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More Henkel Corporate Reporting 2015
As part of our corporate engagement, we enter into social partnerships in the communities where Henkel operates, in an effort to support social initiatives and public institutions. Education is a basic prerequisite for both personal individual development and for society. It is for this reason that education initiatives are among the priorities of our corporate engagement. In addition, we support sports clubs, hospitals, kindergartens, schools and universities, charity organizations, and cultural events. We do not support political parties.
Supporting equal opportunity in education is a top priority. In 2015, we continued our partnership with the educational initiative Teach First Deutschland. In this program, university graduates in all fields work as fellows in schools with socially disadvantaged students. Supported by the “Fritz Henkel Stiftung” foundation since 2010, the initiative’s goal is to ensure better educational opportunities for socially disadvantaged children and youths. To accomplish this, the initiative finds, recruits and trains personally and professionally outstanding university graduates to assume a two-year full-time position as temporary teaching staff as “fellows” at schools in socially deprived areas.
With the Light Up project in China, we are promoting the reading skills of Chinese children by donating books and writing materials.
Together with the non-profit organization United Way in Mumbai, Henkel has initiated the Lighting Lives project in India, which is developing solar power in rural regions. In the pilot phase, solar cells have already been installed in three villages in the Palghar district near Mumbai, bringing electricity to the homes of 150 people and to the schools attended by about 1,600 children. The project will be expanded to include other villages and public facilities.
Thanks to the solar cells donated by Henkel India, the lives of families, like this one in Guraad, are now brighter.
What is glue made of? What goes into detergents? These are just two of the many questions investigated by curious elementary school children in Henkel’s “Forscherwelt” (Researchers’ World). Since its launch in 2011, the education project has attracted a great deal of interest in Germany and has been rolled out in Argentina, Russia, Ireland and now in Turkey. “The aim of the Researchers’ World is to get children interested in science at an early age and to encourage them to ask questions,” explains Dr. Ute Krupp, who runs Henkel’s Researchers’ World program.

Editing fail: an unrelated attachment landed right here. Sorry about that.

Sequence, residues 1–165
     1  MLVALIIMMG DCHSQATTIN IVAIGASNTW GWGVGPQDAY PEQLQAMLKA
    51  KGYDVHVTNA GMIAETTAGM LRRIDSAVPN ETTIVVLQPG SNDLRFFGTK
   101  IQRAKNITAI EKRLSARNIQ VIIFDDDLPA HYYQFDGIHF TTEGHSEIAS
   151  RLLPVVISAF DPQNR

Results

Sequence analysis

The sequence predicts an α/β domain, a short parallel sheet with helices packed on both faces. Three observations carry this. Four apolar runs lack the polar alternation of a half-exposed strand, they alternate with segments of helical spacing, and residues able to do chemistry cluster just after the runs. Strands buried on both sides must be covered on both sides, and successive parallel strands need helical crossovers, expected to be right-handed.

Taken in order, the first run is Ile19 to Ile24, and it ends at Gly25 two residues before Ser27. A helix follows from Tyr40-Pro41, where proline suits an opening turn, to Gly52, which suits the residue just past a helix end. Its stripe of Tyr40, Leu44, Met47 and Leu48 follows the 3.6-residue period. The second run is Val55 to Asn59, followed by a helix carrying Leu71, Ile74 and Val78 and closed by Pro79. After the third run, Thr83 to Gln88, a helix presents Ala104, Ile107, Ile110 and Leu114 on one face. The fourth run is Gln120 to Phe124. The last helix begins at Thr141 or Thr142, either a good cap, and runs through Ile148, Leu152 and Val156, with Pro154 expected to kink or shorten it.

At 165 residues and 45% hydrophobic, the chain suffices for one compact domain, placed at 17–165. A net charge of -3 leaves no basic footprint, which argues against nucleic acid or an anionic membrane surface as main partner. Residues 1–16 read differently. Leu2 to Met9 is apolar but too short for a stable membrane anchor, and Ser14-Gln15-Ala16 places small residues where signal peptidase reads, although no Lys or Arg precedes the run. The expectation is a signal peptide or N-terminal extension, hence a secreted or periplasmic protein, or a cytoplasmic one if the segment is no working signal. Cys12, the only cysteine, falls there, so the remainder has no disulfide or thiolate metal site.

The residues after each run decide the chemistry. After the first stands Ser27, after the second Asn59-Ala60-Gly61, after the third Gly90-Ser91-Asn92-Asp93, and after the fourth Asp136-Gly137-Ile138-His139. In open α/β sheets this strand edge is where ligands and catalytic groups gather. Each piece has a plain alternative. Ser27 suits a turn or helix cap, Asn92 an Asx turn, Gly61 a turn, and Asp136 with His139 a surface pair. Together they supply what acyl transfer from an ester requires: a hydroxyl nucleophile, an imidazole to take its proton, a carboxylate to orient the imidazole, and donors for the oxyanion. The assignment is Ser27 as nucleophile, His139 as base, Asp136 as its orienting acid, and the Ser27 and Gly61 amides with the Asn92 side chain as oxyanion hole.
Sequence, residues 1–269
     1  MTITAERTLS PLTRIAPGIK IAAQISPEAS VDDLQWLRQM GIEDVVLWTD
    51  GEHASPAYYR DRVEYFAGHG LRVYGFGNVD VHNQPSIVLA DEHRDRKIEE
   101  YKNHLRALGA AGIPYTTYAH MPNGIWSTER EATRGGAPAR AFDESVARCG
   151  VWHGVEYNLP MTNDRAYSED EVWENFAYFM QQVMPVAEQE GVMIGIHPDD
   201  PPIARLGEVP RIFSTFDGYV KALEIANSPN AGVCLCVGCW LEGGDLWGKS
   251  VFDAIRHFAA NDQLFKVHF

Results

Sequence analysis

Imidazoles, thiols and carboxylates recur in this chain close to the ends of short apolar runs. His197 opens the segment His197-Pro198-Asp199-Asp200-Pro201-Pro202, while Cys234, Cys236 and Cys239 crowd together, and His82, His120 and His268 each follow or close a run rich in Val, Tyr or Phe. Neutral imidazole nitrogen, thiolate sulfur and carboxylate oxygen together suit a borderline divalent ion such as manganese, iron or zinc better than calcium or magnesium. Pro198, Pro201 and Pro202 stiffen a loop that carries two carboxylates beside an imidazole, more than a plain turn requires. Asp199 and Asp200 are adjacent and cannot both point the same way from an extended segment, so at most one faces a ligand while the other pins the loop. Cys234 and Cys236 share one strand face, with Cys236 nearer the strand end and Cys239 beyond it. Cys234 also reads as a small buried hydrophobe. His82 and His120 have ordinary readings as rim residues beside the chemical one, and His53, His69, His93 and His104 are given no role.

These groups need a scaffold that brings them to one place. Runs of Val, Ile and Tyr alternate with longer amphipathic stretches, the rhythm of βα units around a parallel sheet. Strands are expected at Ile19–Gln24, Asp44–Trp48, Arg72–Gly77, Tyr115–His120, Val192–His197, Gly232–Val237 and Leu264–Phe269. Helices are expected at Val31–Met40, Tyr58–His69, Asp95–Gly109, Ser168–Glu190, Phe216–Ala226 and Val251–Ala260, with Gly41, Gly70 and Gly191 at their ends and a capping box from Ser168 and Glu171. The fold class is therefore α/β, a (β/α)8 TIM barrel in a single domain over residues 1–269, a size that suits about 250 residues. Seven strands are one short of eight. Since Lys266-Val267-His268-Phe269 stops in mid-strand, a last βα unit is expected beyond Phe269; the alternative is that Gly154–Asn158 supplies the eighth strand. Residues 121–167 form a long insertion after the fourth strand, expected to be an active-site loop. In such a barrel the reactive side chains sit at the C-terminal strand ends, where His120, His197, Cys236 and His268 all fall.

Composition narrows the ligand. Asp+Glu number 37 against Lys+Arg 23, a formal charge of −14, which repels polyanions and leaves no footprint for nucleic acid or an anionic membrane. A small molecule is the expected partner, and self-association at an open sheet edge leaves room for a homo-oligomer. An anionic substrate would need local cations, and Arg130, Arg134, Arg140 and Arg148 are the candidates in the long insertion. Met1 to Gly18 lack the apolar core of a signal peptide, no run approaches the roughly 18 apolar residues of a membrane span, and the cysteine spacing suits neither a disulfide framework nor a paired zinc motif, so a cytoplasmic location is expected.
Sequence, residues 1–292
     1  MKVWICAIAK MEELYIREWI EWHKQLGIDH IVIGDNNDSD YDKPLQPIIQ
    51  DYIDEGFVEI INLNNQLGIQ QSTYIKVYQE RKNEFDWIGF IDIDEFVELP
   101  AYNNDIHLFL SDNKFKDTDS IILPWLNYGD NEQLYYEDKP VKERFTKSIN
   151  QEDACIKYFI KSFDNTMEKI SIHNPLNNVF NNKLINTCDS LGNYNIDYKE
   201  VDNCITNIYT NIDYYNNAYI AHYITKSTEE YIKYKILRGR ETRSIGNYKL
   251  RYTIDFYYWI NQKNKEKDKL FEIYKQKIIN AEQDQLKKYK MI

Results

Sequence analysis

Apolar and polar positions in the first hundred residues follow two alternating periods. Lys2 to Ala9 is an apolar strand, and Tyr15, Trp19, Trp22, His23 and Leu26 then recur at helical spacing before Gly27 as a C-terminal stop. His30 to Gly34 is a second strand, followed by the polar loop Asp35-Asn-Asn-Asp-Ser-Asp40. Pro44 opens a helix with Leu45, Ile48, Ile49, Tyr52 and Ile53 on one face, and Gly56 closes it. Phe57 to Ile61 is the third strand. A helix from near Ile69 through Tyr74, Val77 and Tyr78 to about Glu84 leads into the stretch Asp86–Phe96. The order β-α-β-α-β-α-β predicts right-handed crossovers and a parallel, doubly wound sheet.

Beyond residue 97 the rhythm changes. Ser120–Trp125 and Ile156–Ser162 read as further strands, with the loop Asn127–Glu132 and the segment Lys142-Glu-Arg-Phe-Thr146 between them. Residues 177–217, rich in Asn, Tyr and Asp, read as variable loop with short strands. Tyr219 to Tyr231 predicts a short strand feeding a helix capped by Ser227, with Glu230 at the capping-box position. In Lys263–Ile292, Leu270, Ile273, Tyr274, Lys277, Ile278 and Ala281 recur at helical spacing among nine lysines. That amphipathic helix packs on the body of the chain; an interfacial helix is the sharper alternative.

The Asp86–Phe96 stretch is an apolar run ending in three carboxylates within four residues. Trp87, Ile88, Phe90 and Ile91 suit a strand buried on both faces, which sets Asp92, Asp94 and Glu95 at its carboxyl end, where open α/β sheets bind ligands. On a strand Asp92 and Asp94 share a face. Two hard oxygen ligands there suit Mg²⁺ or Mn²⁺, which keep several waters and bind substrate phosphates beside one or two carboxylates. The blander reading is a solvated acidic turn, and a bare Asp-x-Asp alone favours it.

Children in elementary schools around Istanbul are now taking part in the Keşif Dünyası, as the Researchers’ World is called in Turkish, thanks to colleagues from Henkel in Turkey in collaboration with the Turkish Creative Children’s Association and the Turkish Chemical Society. Volunteers will visit schools and carry out simple experiments with the students.
“It’s not necessary for the schools to have special chemistry labs,” Krupp says. “The experiments that I have put together for our colleagues at Henkel in Turkey can be carried out in any classroom – with just a few accessories and common test materials such as vinegar, eggshells, starch, soap and potatoes.” Krupp has no doubt that the initiative will be a success: “Transferring the initiative to Russia, Argentina and Ireland has turned out to be a great success. The Researchers’ World is quite popular in those countries!”
Guided by Dr. Ute Krupp (second from the right), Turkish colleague Hande Ardane (left), Dr. Barbaros Akkurt from the Turkish Chemical Society and Selen Ayganat from the Turkish Creative Children’s Association learned about the experiments conducted in the Researchers’ World.
Seventeen students in the seventh to ninth grades at the Heinz Brandt School in Berlin faced the challenge of their lives: hiking from Germany to Italy across the Alps in 14 days. This involved not only mastering each demanding stage of the hike, but also independently orienting themselves in the terrain and cooking for the group, all while working together as a team. The students were able to gain social skills that would never be part of the normal lesson plan.
This was made possible by ProFellow e.V., which Henkel has supported since 2013. The non-profit association provides support for the fellows and alumni of the Teach First Deutschland educational initiative.
Every year, ProFellow e.V. organizes a project competition, in which a certain portion of the association’s funds is put toward to promoting specific educational projects of the fellows, such as the hike across the Alps. In 2015, 13 projects were selected out of 18 applications, and a total of 12,260 euros were donated.
Seventeen students in the seventh to ninth grades of the Heinz Brandt School in Berlin hiked over the Alps from Germany to Italy in 14 days.
The “Fritz Henkel Stiftung” foundation has been supporting “ArbeiterKind.de” since the fall of 2012. The initiative, which now has 6,000 volunteer mentors in Germany, helps potential university students from families that do not have a history of higher education. It provides support from the beginning of their academic careers all the way through to the successful completion of their studies. One hurdle in their educational path is often the subsequent entry into a profession. This is why Henkel collaborated with “ArbeiterKind.de” in organizing the “Project Career Start” workshop in June 2015. Henkel employees from different professions served as mentors and passed their experiences regarding career entry on to students who were about to graduate from university or who were already actively looking for a job.